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A few days ago I posted "What Happens if You Have Open Hours to Talk to Your Site Visitors?" Over the holidays, I took open hours to have chats with any reader of the site who wanted to. But at the end I asked,

Final thought – everyone who signed on are pretty expansive and ambitious people with lots going on and lots of dreams, but I’d like to find a way to touch base with more people… I mean, I had 23 interesting and fascinating calls, but I’ve got 500+ people visting the site daily, and another 400+ people subscribed by RSS.

Who are you other people? There’s 900 of you… what are you doing? You – yes YOU – what are you doing? C’mon, c’mon, stop just being a consumer and come play and have adventures and talk and connect and communicate. Yes, YOU, I’m sure you’ve got some fascinating stuff going on, right? Or at least a fainter idea that more is possible?

Please feel very welcome to reach out, drop a line, and let me know how it’s going. I’ve got a variety of contact info all over the site.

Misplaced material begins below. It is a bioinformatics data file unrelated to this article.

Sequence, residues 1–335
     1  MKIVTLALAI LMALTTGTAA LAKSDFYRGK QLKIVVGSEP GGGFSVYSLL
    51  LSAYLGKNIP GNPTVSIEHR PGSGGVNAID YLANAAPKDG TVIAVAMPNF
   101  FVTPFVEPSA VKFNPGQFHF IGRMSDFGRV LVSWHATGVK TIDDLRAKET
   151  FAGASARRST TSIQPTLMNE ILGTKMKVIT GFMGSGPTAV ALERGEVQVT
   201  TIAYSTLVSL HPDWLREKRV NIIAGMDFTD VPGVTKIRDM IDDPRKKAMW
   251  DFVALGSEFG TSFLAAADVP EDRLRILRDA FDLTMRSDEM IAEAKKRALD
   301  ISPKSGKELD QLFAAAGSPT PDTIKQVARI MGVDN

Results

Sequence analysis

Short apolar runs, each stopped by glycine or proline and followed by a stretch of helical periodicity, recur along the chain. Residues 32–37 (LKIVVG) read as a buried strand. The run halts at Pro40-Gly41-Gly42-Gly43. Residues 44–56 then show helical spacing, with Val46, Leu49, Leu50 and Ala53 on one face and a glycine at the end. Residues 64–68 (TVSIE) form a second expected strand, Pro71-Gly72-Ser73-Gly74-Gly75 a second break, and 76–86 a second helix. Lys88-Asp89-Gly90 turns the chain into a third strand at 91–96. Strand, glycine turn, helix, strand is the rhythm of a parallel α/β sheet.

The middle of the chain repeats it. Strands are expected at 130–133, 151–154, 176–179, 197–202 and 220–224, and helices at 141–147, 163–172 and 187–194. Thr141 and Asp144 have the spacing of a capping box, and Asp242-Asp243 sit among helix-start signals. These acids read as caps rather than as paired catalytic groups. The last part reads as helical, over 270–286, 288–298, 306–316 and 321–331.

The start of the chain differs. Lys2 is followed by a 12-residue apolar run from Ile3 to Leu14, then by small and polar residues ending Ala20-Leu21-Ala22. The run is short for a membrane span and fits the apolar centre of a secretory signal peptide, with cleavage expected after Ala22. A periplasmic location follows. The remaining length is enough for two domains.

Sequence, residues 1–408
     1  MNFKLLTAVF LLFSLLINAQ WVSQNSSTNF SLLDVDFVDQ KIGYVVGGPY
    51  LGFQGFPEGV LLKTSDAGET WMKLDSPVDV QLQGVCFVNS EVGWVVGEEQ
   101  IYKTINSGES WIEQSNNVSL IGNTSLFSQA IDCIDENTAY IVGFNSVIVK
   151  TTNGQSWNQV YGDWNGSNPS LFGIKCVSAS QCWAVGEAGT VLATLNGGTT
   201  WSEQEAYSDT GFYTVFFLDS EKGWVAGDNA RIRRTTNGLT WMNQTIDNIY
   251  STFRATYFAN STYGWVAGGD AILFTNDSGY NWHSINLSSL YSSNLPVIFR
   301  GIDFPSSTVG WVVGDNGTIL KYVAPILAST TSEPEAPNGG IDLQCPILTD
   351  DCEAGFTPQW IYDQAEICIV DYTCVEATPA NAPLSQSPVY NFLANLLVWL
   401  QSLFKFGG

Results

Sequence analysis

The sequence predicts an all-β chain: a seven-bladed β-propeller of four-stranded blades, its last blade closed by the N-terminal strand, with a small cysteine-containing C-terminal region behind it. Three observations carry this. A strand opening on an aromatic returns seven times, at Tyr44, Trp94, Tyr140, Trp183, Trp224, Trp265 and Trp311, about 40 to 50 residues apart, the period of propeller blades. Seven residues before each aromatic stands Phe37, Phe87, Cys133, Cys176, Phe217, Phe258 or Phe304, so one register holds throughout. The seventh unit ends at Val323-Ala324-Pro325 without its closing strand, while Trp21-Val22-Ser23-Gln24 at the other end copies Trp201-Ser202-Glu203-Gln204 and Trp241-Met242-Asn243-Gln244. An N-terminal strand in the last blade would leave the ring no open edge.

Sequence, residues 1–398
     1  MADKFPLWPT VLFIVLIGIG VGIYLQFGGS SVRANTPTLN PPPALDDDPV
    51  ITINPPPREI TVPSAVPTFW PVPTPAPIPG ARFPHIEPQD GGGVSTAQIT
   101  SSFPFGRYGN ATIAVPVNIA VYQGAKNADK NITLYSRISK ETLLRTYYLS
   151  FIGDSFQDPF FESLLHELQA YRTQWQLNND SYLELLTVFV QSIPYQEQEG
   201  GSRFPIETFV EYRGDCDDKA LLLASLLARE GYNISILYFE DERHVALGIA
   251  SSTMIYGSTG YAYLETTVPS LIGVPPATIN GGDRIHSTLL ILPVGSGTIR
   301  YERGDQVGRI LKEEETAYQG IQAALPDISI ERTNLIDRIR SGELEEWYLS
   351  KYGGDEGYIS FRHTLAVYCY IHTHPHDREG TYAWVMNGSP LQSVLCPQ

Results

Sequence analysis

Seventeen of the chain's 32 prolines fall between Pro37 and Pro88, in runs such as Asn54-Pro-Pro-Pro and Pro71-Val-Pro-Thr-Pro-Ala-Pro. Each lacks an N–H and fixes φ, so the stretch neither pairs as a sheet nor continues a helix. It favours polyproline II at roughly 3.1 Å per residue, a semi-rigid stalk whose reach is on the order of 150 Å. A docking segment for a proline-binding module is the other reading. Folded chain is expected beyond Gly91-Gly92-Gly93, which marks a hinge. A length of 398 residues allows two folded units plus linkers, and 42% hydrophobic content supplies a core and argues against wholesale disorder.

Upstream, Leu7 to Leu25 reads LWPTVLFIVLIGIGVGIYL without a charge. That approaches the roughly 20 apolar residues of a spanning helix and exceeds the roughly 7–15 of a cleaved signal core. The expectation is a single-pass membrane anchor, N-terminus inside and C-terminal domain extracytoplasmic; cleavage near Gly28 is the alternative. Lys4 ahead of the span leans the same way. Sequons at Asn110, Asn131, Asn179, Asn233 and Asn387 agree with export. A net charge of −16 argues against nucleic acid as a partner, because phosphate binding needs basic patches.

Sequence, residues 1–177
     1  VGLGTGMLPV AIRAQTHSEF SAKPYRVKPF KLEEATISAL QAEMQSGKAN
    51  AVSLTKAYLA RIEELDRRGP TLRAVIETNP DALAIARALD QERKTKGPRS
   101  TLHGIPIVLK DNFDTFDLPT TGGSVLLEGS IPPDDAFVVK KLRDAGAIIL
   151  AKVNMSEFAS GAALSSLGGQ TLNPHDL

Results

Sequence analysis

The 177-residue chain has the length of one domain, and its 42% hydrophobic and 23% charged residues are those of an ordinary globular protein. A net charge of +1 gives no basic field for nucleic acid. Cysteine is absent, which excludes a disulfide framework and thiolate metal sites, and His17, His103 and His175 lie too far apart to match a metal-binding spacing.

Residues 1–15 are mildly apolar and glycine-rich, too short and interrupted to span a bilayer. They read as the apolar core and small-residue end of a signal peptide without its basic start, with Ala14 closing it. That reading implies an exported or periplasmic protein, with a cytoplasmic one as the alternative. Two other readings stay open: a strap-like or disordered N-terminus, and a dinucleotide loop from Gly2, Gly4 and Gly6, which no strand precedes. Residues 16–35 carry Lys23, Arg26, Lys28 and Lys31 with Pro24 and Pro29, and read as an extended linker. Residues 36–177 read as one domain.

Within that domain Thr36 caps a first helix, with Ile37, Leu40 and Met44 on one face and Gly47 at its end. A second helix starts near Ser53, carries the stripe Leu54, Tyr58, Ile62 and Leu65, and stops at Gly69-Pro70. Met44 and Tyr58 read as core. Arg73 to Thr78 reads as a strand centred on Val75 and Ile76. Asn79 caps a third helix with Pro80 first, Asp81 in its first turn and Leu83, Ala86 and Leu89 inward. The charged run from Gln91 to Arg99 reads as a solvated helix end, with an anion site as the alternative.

I got a number of very cool emails in response to that. This one is from Miguel Hernandez from Grumo Media.

The Best Thing GE Taught Me

On DROdio

I was lucky enough to be in GE's "Technical Leadership Program" after graduating from college, and that experience gave me a huge respect for a company that most of us associate with kitchen appliances.

The truth is that GE is about far more than that, and in fact I'd consider them one of the most progressive and lean companies in the business world, and I'm not alone. Anyone who's a student of business will usually have great things to say about GE. In fact, I'd even go so far as to say that you can tell how immersed someone is in the business world by asking them what they think of GE. Either they think "kitchen appliances" or they think "world dominator". Their revenue is $157 Billion/year (yes with a "B") and their profit in 2005 was 16 Billion. To put it another way, GE's profit is double Google's revenue of around 8 billion. Kinda puts things into perspective, eh?

So here's the most valuable thing I learned while at GE: Everyone has good ideas, but they're meaningless unless two things happen: 1) someone takes ownership of the idea. and 2) a date is set for action on the idea. And the GE folks are religious about this. As ideas or suggestions come up in meetings, they're not shy about asking who in the room wants to take ownership of the idea. And if nobody does, they ditch the idea then & there. If someone does take ownership of it, s/he has to commit to some action by some date. So a conversation in a GE conference room might go something like this:

[Jim:] "I have an idea - why don't we make our GE engines run on solid watste

[Sandy (running the meeting)] "Jim, that's a great idea. Do you want to be responsible for finding out if that's feasible?"

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